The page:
I waited a long time before writing this because it was, frankly, becoming a chore to write the same story over and over and over again. Of untapped potential and short-circuited comebacks. The truth is this; the way this team is built is not conducive to Boston being competitive this year. And I would love to be wrong about this but I don't think I am.

There are some good things about this team. Bogaerts has broken out this year; he is arguably the best SS in the American League right now. His exclusion from the All-Star game is a joke. Mookie Betts has a WAR of 4.2 and is one of the best CF in the AL right now. Eduardo Rodriguez? One of the best rookie pitchers in the AL this year (5-2, 1.3 WAR). And don't forget Brock Holt, the super-utility player who has broken out this year and rightfully earned his first trip to the All-Star game.

It doesn't take a genius to recognize that one thing all these guys have in common is that they are young. The oldest is Holt at 27. And maybe that is where Boston's focus should be going into the second-half of 2015.

This isn't to say that the Sox should jettison every last veteran. Any 2016 team needs veteran leadership. Pedroia is going nowhere. Holt could be a good, young leader. But Boston has to start asking some tough questions with clear eyes.

Monday, June 22, 2015

Thoughts on the Sox and Yanks

I've decided I have no idea on what to make about Boston's rotation at this point.

I looked at Porcello in mid-May. He was 4-2 and had thrown four straight quality starts. I thought - and said - that he had turned a corner.

Well, he sure did. He just went in the wrong direction. He has since lost six straight starts and given up four or more runs in five of them. For the month of June he is 0-4 with a 6.20 ERA. Ugh.

Wade Miley looked cooked after giving up five earned runs against the Rangers at the end of May. But, aside from his debacle in Baltimore, he has won three of four starts in June. His ERA is a respectable 3.42 for the month of June and he currently has a winning record for the first time this year (7-6).

The cold, simple, truth is that there is no consistency to this rotation. Trying to guess what a pitcher will do from one start to the next is almost impossible. You'd have as much luck reading tea leaves or chicken bones as you would using statistics to determine what will happen over the next couple of months. Did you know Clay Buchholz hasn't given up more than four earned runs in a game since May 4th and has a 2.81 ERA for the month of June? I didn't, and it may not even matter since he could easily go out and stink it up for the next three or four games.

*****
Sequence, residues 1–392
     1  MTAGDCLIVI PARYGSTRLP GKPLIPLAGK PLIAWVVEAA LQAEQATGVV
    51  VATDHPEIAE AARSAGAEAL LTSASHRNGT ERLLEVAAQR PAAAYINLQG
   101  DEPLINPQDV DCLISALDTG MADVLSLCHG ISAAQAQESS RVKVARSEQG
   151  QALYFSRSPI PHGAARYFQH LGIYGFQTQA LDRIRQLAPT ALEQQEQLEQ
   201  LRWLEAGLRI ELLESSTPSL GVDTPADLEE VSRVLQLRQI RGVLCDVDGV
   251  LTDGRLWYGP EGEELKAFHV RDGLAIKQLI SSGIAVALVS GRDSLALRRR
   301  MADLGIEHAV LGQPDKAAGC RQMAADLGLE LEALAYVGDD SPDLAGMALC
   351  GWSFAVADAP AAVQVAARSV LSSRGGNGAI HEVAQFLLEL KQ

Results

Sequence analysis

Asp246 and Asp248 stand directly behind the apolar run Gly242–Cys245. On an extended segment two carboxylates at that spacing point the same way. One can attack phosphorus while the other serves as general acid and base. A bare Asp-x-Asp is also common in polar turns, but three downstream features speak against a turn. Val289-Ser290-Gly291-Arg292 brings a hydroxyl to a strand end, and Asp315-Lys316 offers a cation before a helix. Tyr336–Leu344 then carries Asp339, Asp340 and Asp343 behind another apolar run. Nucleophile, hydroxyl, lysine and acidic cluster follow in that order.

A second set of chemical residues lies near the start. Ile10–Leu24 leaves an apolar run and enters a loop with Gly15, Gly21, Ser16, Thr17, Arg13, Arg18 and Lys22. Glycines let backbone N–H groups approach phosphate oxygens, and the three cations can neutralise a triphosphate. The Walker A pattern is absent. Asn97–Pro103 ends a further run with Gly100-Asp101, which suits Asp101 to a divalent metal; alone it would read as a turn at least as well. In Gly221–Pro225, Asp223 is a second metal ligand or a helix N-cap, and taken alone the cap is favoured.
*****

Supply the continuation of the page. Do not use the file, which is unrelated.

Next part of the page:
Consistency matters and right now Boston doesn't have it on the mound.

Batting, however, is a place where Boston may actually be finding their footing.

All year, Dustin Pedroia and Xander Bogaerts have produced for Boston despite what talk-radio may tell you. Bogaerts in particular; he has the best WAR for a shortstop in the AL as of this morning. The negativity sent his way on the radio baffles me, to be honest.

But now Mookie Betts is stepping up as well. His June splits are phenomenal (.375 BA / .412 OBP / 1.068 OPS). His monthly totals have improved each month, which is an encouraging sign as well. His 2.8 WAR is fourth for center fielders in the AL.

Betts is demonstrating growth at the plate, which is a good sign that his career arc at this point in his development is extremely positive. Many first and second-year players have a lot of trouble hitting in the majors but Betts is working through it.

Having a legit third producer in the lineup makes Boston's hitting better all-around. Add to it Brock Holt hitting the cover off the ball* and we may see a resurgence in Boston's production.

That hasn't been a problem in New York, where the Yankees continue to exceed pre-season expectations. And they got to celebrate A-Rod's 3,000th hit as well.